But just as everything's about to fade to black, as they say, the old wanderer discovers the body being feasted on by the buzzards. He cares for it and gives it a proper burial. Hm. Kind of makes you wonder who this "old wanderer" is after all, huh?

Fiat Lux

600 years later, Thon Taddeo, a famous scholar, hears word of the abbey's Memorabilia. Like most famous scholars, he wants to figure out if he can criticize the Memorabilia. Just kidding. Kind of.

What he really wants is to study its authenticity—is any of the stuff real anyway? Dom Paulo, the new abbot, accepts Taddeo's request to visit. But he worries about what Taddeo will discover, or have to say about his discoveries, since Taddeo is not a man of God. He's just a regular old secular scholar.

Before Taddeo comes to call, Dom Paulo visits his old friend Benjamin. He wants to return a goat the hermit lost to the Poet in a game of chance. Benjamin and Paulo discuss Taddeo, and wonder whether he'll be able to change the world for the better.

Or, will Taddeo simply continue a cycle of death and destruction? Sounds like a pretty big logical leap, we realize. But not for Benjamin. He claims to be immortal, or near enough, and so he's seen this same cycle time and time again. So he's thinking on a much bigger time scale than us puny human types.

When Taddeo arrives and studies the Memorabilia, he's totally amazed by the wealth of knowledge it contains. He's even more impressed by Brother Kornhoer, whose arc lamp has returned electric light to the world. But not everything is peaches-and-creamy awesome.

Taddeo has little patience for religion, and it's soon learned that Hannegan, the mayor-royal of Texarkana, has declared the Pope a heretic. Hannegan clearly wants more power than the church, and so he's out to take it away from the Pope.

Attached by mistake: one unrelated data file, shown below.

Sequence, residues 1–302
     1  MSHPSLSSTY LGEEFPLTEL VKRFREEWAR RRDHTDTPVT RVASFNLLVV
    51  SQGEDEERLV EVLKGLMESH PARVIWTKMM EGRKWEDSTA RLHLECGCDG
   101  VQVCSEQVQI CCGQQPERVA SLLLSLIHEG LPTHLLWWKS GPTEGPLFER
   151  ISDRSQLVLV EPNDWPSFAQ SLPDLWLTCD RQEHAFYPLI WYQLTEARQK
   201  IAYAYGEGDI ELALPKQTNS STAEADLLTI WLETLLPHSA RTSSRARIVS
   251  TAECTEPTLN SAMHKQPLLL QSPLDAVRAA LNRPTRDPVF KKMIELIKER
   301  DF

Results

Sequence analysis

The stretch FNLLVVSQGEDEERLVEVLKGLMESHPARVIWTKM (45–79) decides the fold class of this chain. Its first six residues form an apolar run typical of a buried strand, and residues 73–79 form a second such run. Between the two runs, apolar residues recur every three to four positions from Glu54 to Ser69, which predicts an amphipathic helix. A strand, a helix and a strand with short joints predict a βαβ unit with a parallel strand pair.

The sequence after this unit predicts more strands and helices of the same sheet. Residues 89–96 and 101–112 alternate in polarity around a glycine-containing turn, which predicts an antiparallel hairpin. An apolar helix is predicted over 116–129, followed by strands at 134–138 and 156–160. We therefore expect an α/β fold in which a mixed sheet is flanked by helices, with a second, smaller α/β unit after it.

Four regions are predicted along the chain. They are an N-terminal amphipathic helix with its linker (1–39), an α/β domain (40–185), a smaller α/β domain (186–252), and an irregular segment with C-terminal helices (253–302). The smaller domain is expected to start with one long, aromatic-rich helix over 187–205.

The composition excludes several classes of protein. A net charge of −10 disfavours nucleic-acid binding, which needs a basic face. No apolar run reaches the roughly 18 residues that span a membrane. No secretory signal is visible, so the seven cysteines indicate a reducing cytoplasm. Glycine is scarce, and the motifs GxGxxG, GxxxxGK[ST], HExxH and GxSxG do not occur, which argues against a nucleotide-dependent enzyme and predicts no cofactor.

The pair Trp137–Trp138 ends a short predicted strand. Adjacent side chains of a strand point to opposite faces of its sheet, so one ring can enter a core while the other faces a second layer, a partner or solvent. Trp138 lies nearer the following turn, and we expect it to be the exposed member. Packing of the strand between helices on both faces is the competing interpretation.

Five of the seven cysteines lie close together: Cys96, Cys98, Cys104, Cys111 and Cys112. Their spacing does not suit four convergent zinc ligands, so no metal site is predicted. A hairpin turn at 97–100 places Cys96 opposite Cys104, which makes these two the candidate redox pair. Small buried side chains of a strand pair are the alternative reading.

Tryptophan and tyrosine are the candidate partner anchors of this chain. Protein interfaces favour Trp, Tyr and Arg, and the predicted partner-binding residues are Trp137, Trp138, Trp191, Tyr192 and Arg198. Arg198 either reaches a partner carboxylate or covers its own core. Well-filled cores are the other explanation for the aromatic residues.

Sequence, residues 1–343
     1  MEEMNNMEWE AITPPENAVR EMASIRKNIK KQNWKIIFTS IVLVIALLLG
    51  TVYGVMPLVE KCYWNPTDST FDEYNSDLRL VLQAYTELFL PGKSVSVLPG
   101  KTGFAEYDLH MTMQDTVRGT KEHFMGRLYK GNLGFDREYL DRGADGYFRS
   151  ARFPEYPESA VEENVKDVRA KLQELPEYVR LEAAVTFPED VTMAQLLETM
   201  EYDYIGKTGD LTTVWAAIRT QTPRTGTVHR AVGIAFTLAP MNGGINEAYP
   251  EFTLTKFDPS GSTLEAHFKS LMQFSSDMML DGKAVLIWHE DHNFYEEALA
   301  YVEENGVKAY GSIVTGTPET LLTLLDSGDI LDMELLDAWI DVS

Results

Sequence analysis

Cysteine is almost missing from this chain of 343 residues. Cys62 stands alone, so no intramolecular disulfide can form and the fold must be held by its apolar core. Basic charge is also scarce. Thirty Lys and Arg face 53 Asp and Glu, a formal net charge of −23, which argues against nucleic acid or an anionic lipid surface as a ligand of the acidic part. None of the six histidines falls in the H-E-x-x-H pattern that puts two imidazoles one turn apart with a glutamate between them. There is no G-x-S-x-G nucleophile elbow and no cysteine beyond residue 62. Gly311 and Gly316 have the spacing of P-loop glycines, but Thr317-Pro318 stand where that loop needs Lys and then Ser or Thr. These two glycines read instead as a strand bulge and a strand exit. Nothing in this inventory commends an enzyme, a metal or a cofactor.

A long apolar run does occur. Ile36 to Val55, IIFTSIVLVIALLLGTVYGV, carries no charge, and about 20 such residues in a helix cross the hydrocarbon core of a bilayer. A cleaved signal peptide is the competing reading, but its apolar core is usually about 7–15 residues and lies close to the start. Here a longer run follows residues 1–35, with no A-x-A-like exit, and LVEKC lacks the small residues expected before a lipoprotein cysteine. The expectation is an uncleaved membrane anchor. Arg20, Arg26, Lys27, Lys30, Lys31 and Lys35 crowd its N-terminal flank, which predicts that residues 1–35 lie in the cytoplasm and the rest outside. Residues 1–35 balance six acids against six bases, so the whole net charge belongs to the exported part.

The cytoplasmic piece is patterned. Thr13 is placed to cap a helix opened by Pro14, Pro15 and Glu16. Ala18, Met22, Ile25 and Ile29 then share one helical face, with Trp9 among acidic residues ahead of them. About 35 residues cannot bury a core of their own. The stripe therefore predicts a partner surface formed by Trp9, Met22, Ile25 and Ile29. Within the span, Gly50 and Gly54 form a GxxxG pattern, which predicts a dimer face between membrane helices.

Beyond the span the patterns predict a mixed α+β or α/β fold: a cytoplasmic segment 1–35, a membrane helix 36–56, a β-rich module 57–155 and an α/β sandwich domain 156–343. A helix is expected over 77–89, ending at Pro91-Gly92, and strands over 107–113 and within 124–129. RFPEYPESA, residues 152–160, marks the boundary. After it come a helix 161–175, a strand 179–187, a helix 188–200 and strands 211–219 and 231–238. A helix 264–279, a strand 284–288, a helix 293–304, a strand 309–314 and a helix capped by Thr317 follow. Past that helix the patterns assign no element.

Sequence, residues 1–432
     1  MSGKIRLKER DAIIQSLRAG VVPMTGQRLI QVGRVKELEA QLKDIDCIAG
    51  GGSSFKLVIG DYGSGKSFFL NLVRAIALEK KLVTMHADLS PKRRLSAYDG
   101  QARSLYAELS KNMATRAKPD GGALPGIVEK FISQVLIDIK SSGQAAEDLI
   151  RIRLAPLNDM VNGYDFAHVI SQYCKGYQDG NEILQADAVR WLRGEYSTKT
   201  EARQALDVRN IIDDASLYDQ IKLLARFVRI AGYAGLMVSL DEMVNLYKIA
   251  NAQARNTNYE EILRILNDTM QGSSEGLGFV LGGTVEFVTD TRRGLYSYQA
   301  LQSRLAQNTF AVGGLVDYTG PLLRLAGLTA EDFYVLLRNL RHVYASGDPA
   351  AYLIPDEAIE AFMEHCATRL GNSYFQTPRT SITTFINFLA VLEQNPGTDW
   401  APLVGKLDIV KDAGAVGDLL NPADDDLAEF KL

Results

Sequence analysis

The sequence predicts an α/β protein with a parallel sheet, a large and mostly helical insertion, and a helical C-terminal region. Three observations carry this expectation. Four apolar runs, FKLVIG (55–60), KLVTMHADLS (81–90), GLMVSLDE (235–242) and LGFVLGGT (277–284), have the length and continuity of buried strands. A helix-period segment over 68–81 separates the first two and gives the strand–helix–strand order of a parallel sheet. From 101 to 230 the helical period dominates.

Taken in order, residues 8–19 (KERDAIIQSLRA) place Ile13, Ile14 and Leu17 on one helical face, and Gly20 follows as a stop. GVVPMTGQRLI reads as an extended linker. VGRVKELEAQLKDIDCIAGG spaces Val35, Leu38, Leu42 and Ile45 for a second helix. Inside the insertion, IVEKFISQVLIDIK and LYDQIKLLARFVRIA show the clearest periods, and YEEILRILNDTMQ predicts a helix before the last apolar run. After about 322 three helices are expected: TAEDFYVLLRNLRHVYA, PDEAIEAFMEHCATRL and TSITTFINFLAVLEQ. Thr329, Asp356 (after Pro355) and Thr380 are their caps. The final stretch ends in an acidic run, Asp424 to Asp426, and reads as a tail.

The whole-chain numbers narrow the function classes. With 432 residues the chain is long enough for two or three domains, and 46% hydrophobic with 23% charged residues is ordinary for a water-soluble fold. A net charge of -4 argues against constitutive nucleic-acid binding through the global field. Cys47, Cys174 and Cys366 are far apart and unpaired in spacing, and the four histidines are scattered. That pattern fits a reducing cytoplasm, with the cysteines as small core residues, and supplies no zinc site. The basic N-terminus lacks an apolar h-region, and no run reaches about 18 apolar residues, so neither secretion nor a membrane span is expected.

After brawlin' a bit with the monks of the abbey over the validity of religious knowledge versus scientific knowledge, Taddeo leaves. Dom Paulo offers to let Taddeo, or any scholar who wishes to return to the abbey, stay. Paulo believes communication between religion and science is necessary to keep the peace and prevent people like Hannegan from assuming too much power.

But not long afterward, Dom Paulo dies. And his vision of power-based war comes to life: conflict breaks out across the land.

Fiat Voluntas Tua

Another 600 years passes—shazam. And now that the world has rediscovered its lost technology, nuclear weapons maintain a tenuous peace. Very tenuous. Yikes.

Abbot Zerchi and New Rome prepare a mission to the colonies so that the Catholic Church and Memorabilia might survive the all-but-inevitable destruction of Earth. Zerchi tasks Brother Joshua with leading the mission. Joshua is hesitant, at first, but eventually agrees (probably because slim odds are better than no odds, are we right?).

Then a nuclear weapon strikes near the Leibowitz Abbey. Zerchi opens his doors to aid those in need and grants Doctor Cors permission to run a Green Star relief camp within the abbey—but only with the understanding that euthanasia may not be administered or even suggested.